The findings and message of the paper are rather straight forward. Namely, the authors found two proteomics-driven groups of subjects as defined by PCA and PLS-DA. Not unexpectedly, there were significant differences between patients with asthma and controls revealing differential expression of 23 amongst 1126 sputum proteins covering a large range of networks related to immunity, inflammation, protease activity, angiogenesis etc. Seven proteins in each subgroup of asthma showed significant differences with controls, separately. However, the major result of this study is represented by the absence of significant differences in sputum proteins between the three clinically defined subgroups of asthma: classical, cough and chest tightness variant asthma. This is rather unexpected, since if anything one would have anticipated, that there would have been biological differences between such divergent clinical categories of the disease.

Here we are, after laborious deep phenotyping various clinical categories of asthma, the patients merely express an “asthma” fingerprint at the sputum protein level. Despite the fact that it is widely appreciated that divergent biological networks are underlying the traditional clinical diagnosis of asthma, the harvest of the present study just confirms the common clinical labeling as “asthma”. Therefore, the clinicians may have been right after all: it is nothing more or less than asthma, is not it?

When looking more closely into the three clinical asthma groups in this study, apparently each group represented overlapping profiles of biological markers such as serum IgE, sputum, blood eosinophil counts and exhaled nitric oxide [4]. Hence, the alternative view at these data may be that the present clinical categories of classical, cough, and chest tightness variant asthma are each representing “complex” heterogeneous biological networks that are not related to “simple” clinical features such as the presence or absence of cough and chest tightness. Indeed, recent sputum data shows distinguishable molecular fingerprints (transcriptomics) amongst asthmatic patients [5]. The biologist’s view may therefore be that the clinicians are using irrelevant subgroups with regard to the biological mechanisms of asthma. It is not unlikely that clinical judgement only, lacks the tools to distinguish the molecular features of the disease. We tend to support the latter scenario, even though it does not help the patients who will rightly keep on asking the clinicians “why am I so heavily coughing, doctor?”

Part of the solution might be provided by sampling. The present study focused on sputum. There is new evidence that biological networks that are discriminative between clinical asthma categories do not match between sputum, bronchial brushings, nasal brushings and blood [6]. It could also be attributed towards inconsistency in obtaining rightly characterized clean sputum samples which is known to be a pervading concern [7]. This indicates that sampling just a single compartment doesn’t reveal the entire driving biology. This may have been the case in this study by Cao et al. and underlines the necessity of utilizing local as well as systemic samples in the deep phenotyping of asthma stitching information from different layers aided by multivariate systems approaches.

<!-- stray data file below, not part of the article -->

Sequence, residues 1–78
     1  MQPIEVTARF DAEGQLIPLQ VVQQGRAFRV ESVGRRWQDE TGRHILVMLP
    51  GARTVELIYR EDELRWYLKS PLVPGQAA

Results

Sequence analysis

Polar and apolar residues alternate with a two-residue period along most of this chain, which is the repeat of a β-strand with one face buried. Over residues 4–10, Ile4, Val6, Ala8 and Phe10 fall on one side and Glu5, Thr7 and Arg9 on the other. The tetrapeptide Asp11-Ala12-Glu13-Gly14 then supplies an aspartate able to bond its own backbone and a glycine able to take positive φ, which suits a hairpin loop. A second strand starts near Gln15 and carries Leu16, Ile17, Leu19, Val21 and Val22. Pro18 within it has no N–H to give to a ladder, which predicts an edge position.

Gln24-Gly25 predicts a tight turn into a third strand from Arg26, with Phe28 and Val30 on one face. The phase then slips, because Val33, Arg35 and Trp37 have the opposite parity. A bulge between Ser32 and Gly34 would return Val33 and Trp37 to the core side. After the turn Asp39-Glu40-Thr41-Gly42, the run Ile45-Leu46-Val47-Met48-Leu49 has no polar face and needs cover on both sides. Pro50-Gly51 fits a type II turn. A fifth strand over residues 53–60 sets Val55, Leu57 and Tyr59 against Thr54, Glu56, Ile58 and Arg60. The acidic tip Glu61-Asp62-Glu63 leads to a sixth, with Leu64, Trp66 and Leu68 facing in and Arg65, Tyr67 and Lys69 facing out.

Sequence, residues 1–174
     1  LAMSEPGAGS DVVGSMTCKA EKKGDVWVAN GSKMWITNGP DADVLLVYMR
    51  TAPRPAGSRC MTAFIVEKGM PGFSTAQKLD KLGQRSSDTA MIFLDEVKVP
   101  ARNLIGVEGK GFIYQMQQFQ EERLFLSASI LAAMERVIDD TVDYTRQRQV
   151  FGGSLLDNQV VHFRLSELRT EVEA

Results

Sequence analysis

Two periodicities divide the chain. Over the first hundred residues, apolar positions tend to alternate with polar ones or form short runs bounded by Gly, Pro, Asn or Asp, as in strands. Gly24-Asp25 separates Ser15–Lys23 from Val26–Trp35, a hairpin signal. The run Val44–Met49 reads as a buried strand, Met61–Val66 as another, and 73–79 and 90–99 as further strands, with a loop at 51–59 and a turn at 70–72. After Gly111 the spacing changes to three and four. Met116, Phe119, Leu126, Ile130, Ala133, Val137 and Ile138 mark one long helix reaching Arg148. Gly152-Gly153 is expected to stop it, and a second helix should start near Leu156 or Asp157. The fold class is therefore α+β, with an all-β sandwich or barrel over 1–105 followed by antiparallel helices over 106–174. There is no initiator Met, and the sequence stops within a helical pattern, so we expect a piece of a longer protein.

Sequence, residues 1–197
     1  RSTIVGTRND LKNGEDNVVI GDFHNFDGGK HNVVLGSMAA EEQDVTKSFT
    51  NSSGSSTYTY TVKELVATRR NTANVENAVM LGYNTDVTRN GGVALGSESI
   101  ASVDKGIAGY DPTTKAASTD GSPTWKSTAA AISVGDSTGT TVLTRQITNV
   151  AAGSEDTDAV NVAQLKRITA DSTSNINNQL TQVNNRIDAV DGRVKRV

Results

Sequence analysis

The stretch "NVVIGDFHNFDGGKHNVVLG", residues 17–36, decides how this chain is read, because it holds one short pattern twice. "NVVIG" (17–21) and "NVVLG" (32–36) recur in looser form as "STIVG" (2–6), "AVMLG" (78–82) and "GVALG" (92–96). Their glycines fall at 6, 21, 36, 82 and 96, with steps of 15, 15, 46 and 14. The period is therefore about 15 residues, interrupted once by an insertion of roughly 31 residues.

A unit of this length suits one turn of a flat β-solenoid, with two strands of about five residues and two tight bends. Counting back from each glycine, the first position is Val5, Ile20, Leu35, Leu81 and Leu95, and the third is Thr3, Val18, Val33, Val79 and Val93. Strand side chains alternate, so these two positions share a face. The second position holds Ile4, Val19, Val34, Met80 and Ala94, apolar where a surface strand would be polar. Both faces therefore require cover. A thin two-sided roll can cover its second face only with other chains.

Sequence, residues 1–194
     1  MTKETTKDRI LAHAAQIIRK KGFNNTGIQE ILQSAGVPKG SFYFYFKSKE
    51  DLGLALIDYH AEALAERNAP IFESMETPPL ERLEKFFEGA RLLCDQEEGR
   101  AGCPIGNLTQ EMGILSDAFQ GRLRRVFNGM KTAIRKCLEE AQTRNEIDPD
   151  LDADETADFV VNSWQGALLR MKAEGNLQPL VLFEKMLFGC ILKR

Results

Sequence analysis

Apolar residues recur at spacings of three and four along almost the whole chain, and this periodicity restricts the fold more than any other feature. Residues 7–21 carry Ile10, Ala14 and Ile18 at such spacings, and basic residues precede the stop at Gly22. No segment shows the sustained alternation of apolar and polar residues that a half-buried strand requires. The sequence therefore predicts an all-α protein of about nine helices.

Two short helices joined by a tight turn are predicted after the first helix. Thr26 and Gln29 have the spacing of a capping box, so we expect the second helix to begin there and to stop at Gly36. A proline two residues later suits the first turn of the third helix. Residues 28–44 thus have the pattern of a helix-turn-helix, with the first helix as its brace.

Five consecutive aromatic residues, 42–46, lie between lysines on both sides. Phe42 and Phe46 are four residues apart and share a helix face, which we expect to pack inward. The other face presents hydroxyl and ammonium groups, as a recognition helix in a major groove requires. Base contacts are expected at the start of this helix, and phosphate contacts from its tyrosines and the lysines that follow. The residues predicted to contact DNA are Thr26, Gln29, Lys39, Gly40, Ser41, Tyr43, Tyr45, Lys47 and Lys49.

Finally, in the discussion section the authors do suggest that separate groups of proteins in sputum were differentially expressed in between the three groups of asthma, but do not specifically comment on the significance of those differences and the pathways implicated distinctively. This seems to be contradictory to the results section and the main message of the paper.

In conclusion, the present study provides new clues regarding the molecular mechanisms of asthma as compared to the healthy state. This may unravel novel drug targets that may benefit majority of patients in general but not specifically cater to the needs of stratified populations within the group. Nevertheless, it seems to be inevitable that biological sub-phenotyping within the traditional clinical categories is required on top. It may even lead to abandoning historical diagnoses such as asthma, by data driven care of ‘treatable traits’ instead [8]. This will shape precision medicine to the benefit of individual patients making it P4 (Predictive, Preventive, Participatory and Personalized).


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Conceptualization: PS, AS; manuscript preparation: AS, PS. Both authors read and approved the final manuscript.


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Correspondence to Anirban Sinha.

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Sinha, A., Sterk, P.J. Proteomics in asthma: the clinicians were right after all, were not they?. Clin Trans Med 6, 39 (2017).